HEALTH AND WELLNESS
Don't bite Off More Than you can Chew
Bringing dinner back to the family table
Leave the house at 7:30 for school drop-off and head to work. Pick up the kids at school after work, head back to work with the kids, rush off to drop Daughter #2 at soccer or softball practice, and head to cross country with Daughter #1 for practice and an hour of coaching. Husband, Daughter #2, Daughter #1 and I all return home around 7:00 in the evening, exhausted and hungry. Does this sound familiar?
In today’s busy world, it’s no wonder we turn to fast food or find ourselves on different eating schedules most of the time. Our evenings are overbooked, and cooking dinner and cleaning up the aftermath are the least of our worries. As guilty as I am of being overbooked, I hope in my heart of hearts that we all will revert back to evening dinners at the table and fewer after-school activities. Despite my own family’s crazy schedule, we make a commitment to eat as a family at least five times a week. Here are some tips that have worked for us.
Just like everything else on your calendar, unless it’s penciled in, it gets filled in. Pick a time that works most evenings and schedule activities around it. If you know that there is an evening that just won’t work, then do breakfast at the table as a family instead.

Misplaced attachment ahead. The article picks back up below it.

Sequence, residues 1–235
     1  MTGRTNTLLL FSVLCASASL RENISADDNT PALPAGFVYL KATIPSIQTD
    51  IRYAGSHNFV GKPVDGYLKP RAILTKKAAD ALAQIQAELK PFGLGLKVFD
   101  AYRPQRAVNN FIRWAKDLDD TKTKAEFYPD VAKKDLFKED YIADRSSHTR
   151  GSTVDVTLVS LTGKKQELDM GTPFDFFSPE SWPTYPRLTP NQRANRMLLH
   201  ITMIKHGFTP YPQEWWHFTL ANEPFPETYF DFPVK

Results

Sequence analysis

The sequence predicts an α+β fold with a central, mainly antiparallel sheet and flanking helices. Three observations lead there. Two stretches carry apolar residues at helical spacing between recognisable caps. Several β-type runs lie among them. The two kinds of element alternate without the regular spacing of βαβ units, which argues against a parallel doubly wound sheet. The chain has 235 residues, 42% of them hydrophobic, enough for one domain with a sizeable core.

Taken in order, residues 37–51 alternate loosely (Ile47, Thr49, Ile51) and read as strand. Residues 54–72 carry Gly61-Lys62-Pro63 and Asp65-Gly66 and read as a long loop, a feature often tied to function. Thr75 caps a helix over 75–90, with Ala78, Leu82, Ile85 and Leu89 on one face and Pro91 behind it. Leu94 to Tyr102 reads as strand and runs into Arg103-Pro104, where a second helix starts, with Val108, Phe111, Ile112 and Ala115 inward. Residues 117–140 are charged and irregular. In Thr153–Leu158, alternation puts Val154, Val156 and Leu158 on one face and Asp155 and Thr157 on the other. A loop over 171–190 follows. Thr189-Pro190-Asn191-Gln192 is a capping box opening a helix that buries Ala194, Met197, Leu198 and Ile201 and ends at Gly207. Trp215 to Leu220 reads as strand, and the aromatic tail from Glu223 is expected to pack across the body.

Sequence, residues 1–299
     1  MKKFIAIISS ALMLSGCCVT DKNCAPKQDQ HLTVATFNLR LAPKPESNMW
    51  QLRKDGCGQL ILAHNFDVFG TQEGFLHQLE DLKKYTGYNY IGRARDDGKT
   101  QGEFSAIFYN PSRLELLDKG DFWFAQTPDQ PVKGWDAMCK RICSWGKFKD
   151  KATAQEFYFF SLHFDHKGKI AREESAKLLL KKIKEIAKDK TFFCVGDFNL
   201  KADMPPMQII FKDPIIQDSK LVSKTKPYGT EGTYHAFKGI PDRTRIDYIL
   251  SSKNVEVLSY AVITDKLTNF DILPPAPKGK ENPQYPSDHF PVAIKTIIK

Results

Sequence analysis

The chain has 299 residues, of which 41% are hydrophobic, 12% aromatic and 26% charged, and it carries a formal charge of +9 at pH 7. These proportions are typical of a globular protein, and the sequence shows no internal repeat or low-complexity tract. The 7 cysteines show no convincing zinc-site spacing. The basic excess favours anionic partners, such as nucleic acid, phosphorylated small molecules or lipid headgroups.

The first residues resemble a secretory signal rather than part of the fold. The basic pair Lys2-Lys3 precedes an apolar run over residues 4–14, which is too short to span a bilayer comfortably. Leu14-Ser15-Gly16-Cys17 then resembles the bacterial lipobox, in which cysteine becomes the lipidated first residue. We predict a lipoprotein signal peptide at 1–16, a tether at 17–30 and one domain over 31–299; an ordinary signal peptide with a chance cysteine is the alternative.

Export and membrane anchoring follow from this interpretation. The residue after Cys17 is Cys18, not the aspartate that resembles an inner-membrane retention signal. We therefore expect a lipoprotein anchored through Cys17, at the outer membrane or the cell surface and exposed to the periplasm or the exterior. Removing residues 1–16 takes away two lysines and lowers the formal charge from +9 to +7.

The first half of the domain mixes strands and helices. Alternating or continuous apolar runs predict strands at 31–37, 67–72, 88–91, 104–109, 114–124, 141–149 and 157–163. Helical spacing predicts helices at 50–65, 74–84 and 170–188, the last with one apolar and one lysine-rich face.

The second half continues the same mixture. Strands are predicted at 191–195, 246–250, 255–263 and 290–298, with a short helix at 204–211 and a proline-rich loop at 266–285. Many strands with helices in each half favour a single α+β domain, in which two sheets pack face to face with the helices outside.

Prepare and Precook Food for the Week
I don’t want to sugarcoat this. This seriously takes planning, time and work. We spend our Sunday afternoons grilling meat and boiling eggs; cooking bowls of rice, pasta, and soba noodles; and preparing loads of vegetables, all to be stored in containers and refrigerated, ready for reheating during the week. This cuts back on cook time, messes and cleanup during the week. Without all this prep, we would end up with a bowl of cereal in front of us or at Taco Bell every night.
Not Every Meal Has to Be a Big Production
We allow for an “easy meal” night. Typically, this consists of a Crock-Pot meal, breakfast night or homemade pizzas. In other words, we do something that is relatively healthy, doesn’t make a huge mess and consists of an easy cleanup.
Bringing the family together for meals takes some work and consistent scheduling, but it’s worth it. Some solid planning and preparation leads to healthy meals, good conversation, technology disconnect and quality family time.